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What is a hemangioma? Types, symptoms, methods of diagnosis and treatment

Study guide




Hemangiomas are tufts of extra blood vessels that commonly occur in children and are sometimes referred to as strawberry hemangiomas because of the color and appearance of the strawberry. Hemangiomas are more likely to be present at birth and then to go away without treatment. Do you know what parts of the body this disease affects and what are its symptoms and treatment? ‌ In this article, we will answer these questions.

Is hemangioma important?

About one in 15 babies has a hemangioma, which is not a problem for most babies. However, some hemangiomas may open and cause bleeding and scarring. These can be painful depending on the size, location and extent of the discharge. It may also be associated with other disorders of the central nervous system or spine.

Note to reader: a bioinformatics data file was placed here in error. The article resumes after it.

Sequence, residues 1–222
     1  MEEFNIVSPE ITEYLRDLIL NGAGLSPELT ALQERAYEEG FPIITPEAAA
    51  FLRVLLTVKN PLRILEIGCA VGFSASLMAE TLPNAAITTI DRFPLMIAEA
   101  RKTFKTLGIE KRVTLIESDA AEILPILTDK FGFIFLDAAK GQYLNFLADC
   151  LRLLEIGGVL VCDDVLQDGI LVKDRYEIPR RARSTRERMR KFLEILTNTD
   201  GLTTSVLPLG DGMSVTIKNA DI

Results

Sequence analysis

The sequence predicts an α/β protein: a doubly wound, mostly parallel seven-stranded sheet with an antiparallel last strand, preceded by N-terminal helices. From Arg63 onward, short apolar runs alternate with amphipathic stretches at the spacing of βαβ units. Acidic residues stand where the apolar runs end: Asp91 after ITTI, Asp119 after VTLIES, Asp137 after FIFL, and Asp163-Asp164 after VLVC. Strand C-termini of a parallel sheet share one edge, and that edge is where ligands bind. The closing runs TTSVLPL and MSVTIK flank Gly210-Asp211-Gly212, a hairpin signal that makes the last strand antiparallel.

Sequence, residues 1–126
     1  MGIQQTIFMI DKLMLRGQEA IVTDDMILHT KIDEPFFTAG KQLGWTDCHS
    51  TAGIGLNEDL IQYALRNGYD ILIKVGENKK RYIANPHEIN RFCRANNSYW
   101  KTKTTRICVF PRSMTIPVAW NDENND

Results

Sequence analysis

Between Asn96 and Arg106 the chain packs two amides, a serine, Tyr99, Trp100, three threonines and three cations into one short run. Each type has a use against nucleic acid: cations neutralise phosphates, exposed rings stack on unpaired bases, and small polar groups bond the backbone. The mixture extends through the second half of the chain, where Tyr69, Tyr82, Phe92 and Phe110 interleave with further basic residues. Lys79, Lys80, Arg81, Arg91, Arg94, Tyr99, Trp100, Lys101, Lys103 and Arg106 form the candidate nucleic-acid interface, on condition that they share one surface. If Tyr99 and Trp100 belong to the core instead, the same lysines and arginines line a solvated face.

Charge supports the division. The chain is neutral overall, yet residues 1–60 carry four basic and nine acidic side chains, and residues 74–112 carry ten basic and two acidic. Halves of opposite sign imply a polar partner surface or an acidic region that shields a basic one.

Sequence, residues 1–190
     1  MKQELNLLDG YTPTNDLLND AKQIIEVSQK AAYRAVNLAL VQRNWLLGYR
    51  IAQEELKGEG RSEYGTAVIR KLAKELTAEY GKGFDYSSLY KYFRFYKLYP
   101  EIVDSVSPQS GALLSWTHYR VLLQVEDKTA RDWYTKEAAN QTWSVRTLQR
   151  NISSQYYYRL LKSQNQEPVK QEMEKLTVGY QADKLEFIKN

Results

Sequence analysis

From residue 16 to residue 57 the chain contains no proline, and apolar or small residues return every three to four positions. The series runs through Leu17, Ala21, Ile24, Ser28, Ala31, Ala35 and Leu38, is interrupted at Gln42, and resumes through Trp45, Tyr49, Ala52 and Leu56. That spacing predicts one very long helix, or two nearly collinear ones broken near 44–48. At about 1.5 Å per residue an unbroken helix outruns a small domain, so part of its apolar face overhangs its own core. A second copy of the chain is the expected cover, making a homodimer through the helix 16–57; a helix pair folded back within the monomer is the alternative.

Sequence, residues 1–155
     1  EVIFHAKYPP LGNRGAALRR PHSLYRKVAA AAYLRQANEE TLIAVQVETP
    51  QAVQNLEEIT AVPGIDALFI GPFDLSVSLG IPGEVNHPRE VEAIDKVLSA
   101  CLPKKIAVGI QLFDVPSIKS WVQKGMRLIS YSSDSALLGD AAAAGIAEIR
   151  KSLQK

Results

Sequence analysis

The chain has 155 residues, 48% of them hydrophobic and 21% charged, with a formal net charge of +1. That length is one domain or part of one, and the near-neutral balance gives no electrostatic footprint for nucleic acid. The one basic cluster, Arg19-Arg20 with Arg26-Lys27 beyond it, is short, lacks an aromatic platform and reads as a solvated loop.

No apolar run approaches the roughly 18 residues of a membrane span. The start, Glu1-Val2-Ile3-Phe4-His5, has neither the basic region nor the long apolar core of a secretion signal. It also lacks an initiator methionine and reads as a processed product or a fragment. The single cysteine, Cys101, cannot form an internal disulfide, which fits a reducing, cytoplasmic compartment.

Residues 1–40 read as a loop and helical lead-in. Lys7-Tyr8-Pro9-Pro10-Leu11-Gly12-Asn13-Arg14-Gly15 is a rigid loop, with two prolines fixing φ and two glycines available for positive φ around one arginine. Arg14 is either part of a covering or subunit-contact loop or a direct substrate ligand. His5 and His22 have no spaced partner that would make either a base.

Congenital hemangiomas are tufts of extra blood vessels that commonly occur at birth.

Hemangiomas are tufts of extra blood vessels that commonly occur in the following organs:

  • the brain;
  • Liver;
  • Kidney;
  • Respiratory system organs;
  • Other parts of the digestive system.

Hemangiomas that affect the limbs usually do not cause problems. In the following, we will examine two common and important types of hemangiomas.

Skin hemangiomas

Hemangiomas are tufts of extra blood vessels that commonly occur in the body. The exact cause of this is not yet known, but it seems that the production of certain proteins by the placenta during pregnancy is the cause.

Cutaneous hemangiomas are tufts of extra blood vessels that commonly occur on the surface of the skin or on the inside of the skin. Deeper hemangiomas are darker in color. At first, the hemangioma may be a congenital red spot on the skin. But it is gradually becoming more prominent.